The aim of having an insurance is to ensure that you can get back on your feet financially in case an event that causes loss occurs. This is done by paying a small fee to an insurance company.
Thankfully for those of us who might be negligent in our responsibility to have insurance on our property, we are forced in many cases by either law or contract (the mortgage contract) to carry insurance. While not many, if any, U.S. state laws require you to carry property insurance, they do often require some form of liability insurance, especially for cars. This covers repair or financial restitution to someone else besides the individual at fault. For example, the person at fault’s liability insurance pays to have their car fixed, or pays their medical bills. Fortunately, when most of us purchase the required liability coverage, we are given the opportunity to purchase the property insurance (i.e. comprehensive or collision insurance) rather easily, thus saving us from financial hardship if our own car is damaged in the accident.
When you buy insurance for your property you are simply transferring your risk. In case something happens to your property you do not bear the risk but someone else does. The risk covered against is specified in a policy. So the question is why do people still cringe at the idea of getting insurance yet it is for their benefit.
I think ‘people’ fear insurance and insurance carrier because:
1.) Someone they know had a loss that had an unfavorable outcome, in their opinion
2.) The person buying the insurance policy is not sure what to buy and not sure of the insurance contract so they fear the insurance itself
3.) Insurance carriers seem scary
4.) Insurance is ‘expensive’ and you really don’t get anything for it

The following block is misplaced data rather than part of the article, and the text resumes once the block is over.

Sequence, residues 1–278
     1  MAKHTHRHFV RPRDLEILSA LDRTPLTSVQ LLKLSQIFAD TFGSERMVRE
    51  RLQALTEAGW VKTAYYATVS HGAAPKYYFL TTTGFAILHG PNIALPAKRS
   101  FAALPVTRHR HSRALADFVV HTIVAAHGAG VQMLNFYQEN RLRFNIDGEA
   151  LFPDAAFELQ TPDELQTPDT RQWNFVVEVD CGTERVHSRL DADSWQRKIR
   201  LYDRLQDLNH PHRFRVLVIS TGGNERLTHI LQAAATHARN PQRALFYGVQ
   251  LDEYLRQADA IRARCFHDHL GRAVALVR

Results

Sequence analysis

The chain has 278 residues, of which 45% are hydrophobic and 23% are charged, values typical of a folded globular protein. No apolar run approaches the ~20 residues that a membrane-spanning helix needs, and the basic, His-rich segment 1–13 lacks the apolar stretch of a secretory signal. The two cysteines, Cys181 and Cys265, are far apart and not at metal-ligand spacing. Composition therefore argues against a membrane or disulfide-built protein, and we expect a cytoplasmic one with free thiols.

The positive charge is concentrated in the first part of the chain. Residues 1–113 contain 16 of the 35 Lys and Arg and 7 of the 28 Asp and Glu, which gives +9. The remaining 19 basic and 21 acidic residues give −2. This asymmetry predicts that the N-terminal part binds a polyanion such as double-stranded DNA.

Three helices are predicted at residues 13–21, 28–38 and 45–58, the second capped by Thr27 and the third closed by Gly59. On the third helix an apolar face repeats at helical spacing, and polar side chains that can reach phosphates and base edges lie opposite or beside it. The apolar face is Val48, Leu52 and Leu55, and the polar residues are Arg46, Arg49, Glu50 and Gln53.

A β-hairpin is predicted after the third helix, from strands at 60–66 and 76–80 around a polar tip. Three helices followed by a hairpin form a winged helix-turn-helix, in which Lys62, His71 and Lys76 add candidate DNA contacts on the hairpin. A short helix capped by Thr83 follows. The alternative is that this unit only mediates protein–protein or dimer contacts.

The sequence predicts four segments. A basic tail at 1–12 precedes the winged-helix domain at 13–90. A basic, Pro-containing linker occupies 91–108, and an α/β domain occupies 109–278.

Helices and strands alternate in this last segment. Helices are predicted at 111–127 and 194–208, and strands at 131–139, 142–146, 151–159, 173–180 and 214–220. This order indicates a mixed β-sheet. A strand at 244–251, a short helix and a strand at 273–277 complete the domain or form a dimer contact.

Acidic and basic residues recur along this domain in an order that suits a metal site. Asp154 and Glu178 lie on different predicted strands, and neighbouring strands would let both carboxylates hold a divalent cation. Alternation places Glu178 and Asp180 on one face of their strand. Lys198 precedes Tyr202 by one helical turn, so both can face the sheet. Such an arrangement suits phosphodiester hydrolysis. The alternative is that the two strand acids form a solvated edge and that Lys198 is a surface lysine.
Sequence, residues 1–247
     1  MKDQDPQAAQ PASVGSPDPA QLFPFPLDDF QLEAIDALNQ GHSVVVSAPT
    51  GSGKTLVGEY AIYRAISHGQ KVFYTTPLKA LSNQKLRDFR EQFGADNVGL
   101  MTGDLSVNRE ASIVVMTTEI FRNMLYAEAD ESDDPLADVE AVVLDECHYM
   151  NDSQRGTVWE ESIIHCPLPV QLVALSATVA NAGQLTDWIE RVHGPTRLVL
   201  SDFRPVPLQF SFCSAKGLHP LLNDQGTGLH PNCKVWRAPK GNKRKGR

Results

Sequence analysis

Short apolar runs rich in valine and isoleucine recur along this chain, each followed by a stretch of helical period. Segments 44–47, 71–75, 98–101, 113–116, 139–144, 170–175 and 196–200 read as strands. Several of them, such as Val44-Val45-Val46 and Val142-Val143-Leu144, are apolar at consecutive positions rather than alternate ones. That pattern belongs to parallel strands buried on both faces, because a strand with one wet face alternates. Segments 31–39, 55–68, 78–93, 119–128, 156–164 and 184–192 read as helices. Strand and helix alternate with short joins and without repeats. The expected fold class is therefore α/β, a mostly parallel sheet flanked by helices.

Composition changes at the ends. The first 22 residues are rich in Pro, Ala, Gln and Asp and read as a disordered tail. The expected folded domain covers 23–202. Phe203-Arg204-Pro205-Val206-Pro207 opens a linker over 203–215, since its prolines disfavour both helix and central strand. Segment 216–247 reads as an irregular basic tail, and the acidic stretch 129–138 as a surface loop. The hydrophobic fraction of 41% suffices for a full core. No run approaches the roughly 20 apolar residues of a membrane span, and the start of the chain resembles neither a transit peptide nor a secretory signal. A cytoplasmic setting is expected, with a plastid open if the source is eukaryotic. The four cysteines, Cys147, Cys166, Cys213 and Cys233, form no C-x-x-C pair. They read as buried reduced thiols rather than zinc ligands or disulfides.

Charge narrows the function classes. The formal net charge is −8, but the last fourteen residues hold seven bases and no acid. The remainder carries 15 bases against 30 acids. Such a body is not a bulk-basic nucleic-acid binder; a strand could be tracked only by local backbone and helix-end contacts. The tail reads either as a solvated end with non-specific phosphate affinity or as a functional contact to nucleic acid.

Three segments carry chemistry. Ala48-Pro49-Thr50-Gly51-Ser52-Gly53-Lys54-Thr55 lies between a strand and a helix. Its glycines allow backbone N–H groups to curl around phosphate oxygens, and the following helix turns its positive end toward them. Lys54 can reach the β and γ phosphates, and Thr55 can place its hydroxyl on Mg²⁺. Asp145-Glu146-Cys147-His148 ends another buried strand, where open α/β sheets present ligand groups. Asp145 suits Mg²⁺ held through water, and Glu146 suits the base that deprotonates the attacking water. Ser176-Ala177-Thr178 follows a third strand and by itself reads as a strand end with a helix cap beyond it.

5.) There are a lot of words in an insurance contract
The truth is insurance in a necessity in everyday life if you don’t want to be liable for every little thing that can go wrong.
Buying a home for you and your family is one of life’s greatest achievements. People value their homes and therefore if anything happens to this property then they are done for thus the need for home insurance. It is also important to know that getting an insurance is not just about signing , read everything even those in the finest print. There are things you should know as you get insurance.
Contact at least three companies to compare coverage. Your mortgage lender can, and probably will, require you to have homeowners insurance. You may be required to purchase additional insurance – like flood insurance. You aren’t required to buy from a particular insurance company. Instead, compare coverage, price and customer reviews. Be sure you get the right type and amount of coverage. Shop for value, not necessarily rock-bottom price. Since you’ll mainly deal with insurance companies during times of disaster, make sure the company you choose has great customer service reviews.
Escrow your insurance payments with your mortgage payments. If you’re like most homeowners, you’ll tack monthly insurance payments onto your mortgage check. The lender will pay your insurance premiums (usually your property taxes, too) out of your escrow account. Lenders prefer this option because it lets them know your insurance premiums are being paid, and their investment is well protected. Most likely, you’ll need to pay for one year of insurance at closing. Bring information about the insurance policy you have chosen and the money to cover the first year’s premium.